First stop: the District of Columbia. A.K.A. Washington, D.C. A.K.A. The Great Bambino.

My tour guides to Room 500 in the John A. Wilson Building were Josh Gibson and Jamaine Taylor, the lucky ducks who attend every council meeting because they work for the council secretary’s office. And speaking of Room 500…


Here’s the view from the throne. That table in the middle is where the general counsel, budget office, and council secretary sit. The chairman calls on each of them to give a thumbs up on bills before the council approves them. (If they give a thumbs down, the chairman pulls the special “trap door” lever for their chair.)


Feast your eyes on the TAIDEN®. Enhance!


Like something out of “Star Trek,” the TAIDEN® is for turning on mics, browsing the Internet, looking at council materials, as well as some unexpected features. See that text messaging icon? The council members can actually text each other at the dais. (Jamaine and Josh had no comment about whether the text messages were always work-related.) They can also text staff members sitting in the room.

The VOD icon lets them watch what’s going on in the three other hearing rooms–or, in theory, watch themselves on camera here. So if they want to run downstairs to question a witness, they monitor the video feed from their seat. It’s a weird vortex where the D.C. council watchees become the D.C. council watchers.


This is a wider view that shows the long dais. Earlier this year, Google put a Street View camera inside the building, so you can actually look at the whole council room yourself. I told my tour guides that of all the city councils I have seen, the D.C. council has probably the second-nicest chamber, after Baltimore. “Don’t ever say that,” Jamaine warned.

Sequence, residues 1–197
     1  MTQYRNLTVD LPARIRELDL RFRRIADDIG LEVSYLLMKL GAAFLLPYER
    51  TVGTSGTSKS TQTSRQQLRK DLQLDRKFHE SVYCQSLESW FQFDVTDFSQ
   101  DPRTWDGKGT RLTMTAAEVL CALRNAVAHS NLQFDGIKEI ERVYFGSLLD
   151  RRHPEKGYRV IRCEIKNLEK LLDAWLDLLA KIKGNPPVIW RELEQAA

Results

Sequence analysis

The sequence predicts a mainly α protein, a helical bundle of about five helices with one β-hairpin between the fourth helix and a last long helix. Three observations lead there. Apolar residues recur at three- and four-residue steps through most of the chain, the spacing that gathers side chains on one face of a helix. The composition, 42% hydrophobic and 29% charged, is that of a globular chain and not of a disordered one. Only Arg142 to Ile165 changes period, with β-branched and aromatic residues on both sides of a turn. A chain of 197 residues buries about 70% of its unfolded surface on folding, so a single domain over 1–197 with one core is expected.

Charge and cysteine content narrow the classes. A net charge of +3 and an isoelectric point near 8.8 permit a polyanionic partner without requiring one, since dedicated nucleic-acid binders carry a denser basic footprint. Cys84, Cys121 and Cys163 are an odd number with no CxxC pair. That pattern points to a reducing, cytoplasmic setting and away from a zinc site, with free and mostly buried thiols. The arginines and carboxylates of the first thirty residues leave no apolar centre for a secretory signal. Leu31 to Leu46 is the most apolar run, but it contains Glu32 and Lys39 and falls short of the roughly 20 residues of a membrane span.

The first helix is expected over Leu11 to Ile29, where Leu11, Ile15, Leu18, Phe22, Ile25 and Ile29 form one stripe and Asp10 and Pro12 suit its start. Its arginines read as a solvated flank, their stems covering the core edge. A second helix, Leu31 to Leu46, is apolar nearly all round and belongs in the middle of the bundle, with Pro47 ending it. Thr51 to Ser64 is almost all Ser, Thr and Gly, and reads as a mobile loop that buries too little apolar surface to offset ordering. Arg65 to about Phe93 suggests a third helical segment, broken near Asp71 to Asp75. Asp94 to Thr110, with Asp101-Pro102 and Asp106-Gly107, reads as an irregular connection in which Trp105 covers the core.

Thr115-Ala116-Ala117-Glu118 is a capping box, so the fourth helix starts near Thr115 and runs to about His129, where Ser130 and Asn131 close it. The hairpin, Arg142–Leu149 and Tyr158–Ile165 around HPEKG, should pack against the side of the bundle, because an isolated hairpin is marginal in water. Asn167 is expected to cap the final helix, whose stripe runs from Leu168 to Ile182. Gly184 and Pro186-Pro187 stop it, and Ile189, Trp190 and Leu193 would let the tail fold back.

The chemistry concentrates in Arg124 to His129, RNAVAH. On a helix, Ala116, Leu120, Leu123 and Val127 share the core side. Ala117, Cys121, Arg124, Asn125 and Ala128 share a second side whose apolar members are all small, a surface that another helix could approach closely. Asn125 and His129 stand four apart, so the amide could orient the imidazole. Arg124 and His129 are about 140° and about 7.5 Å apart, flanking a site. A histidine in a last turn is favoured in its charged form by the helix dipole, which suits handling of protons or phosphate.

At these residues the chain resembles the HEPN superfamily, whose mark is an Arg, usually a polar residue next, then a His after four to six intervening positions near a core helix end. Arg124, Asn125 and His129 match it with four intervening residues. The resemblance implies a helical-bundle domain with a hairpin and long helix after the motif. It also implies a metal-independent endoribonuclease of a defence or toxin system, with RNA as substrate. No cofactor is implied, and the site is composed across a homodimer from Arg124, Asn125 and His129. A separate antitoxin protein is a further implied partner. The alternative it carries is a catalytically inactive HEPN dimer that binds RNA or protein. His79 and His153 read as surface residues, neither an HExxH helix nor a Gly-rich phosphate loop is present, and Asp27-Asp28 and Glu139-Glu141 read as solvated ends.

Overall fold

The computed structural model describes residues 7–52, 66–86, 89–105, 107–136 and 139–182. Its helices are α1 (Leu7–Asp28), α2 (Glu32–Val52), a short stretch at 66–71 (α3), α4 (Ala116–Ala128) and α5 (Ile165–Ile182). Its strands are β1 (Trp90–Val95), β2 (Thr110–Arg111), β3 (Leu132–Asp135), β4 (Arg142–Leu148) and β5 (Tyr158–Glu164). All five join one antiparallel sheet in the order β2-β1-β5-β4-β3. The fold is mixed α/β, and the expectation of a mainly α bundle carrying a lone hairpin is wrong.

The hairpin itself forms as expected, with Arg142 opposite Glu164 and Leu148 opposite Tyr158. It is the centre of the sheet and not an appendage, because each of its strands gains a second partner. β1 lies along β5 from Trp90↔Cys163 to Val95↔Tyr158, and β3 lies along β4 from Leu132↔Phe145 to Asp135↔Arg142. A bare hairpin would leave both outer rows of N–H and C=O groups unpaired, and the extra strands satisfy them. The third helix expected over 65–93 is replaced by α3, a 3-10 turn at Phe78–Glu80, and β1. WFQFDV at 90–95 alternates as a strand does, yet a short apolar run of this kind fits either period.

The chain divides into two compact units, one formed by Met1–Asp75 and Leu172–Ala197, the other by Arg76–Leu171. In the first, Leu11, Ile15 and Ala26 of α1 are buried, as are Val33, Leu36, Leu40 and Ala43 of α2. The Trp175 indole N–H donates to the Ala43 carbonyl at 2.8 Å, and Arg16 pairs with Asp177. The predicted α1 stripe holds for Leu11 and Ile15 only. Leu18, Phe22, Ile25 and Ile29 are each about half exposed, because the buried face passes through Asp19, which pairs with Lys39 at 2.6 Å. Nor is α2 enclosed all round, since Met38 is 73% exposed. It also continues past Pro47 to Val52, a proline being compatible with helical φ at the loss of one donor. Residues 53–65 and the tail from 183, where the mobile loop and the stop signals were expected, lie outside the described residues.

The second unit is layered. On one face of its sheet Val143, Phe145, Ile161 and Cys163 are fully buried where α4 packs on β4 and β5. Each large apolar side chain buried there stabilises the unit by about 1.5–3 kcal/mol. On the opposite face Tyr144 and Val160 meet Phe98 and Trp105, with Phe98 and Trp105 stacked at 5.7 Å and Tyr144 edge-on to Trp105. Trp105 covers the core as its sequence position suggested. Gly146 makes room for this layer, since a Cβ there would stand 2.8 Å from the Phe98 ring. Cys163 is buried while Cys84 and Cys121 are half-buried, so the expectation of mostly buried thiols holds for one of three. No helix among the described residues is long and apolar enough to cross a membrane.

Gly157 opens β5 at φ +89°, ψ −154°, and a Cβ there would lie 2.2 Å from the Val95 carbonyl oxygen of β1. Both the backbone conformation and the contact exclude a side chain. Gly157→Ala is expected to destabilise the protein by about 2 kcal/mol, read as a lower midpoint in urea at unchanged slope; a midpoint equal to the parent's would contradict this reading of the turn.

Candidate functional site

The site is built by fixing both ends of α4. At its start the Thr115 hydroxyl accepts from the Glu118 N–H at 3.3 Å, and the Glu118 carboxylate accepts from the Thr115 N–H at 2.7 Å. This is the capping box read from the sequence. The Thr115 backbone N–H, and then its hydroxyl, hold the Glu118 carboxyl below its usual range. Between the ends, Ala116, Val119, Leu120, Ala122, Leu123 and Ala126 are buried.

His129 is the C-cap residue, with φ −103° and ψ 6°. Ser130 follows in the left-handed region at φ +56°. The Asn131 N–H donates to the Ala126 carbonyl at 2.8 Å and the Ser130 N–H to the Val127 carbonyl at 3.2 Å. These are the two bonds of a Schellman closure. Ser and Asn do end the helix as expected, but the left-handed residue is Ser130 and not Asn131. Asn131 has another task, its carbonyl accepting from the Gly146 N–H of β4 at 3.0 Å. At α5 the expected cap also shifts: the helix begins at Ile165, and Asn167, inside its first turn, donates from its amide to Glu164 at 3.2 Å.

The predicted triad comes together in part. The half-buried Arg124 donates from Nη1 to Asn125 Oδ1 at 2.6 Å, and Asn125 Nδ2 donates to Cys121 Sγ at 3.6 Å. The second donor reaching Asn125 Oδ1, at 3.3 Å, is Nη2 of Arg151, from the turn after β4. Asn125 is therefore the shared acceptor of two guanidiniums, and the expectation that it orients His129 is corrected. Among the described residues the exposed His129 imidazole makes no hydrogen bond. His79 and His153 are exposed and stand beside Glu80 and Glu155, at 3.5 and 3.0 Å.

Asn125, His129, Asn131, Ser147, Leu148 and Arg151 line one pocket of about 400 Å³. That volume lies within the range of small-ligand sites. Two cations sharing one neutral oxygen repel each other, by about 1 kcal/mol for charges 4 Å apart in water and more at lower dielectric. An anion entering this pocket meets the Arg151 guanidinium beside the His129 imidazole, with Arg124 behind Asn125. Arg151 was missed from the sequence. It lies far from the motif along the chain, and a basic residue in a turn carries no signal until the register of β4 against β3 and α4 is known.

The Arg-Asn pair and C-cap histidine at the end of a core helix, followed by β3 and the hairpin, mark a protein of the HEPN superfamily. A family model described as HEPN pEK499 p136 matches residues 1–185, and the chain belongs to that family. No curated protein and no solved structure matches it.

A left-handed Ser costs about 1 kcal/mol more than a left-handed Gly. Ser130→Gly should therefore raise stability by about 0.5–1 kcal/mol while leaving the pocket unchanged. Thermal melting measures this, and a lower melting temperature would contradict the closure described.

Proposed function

I asked if I could touch the gavel. Josh said go for it.



Here’s an odd thing: the microphones are controlled at this desk here by the council. But the CAMERAS are controlled by the MAYOR’S office. So in theory, she could pick a fight with the council by shutting off their cameras, right? “It’s like us and Russia. It’s mutually assured destruction” contradicted Josh. I’ll take that to mean “unlikely but possible.”

I asked my guides if they thought council members behaved differently on camera. “I don’t think so,” Josh said. They still joke and argue when they know people are watching. And of course, they all have cell phones to pull out absent-mindedly. “It’s not like, ‘oh, we’re on camera. Let’s act like we’re in church.'”


This is the chairman’s conference room, where the council has a meeting-before-the-meeting. They try to get consensus on things before going in front of the cameras.

Naturally, I asked what was the most absurd thing they saw happen at the council. Jamaine mentioned the time anti-Wal-Mart protesters threw ping-pong balls with the company’s smiley face at the council members.

Josh told me that during one meeting, activists crawled out onto the ledge of the building–five floors up. “Basically they were in a place where they couldn’t be removed,” he said. This forced the city to put up the high glass barrier at the end. Not that I would ever protest a council meeting, but I’d definitely use the ping-pong method WAY before I tried suicide-by-ledge.


Stay tuned for more council tours!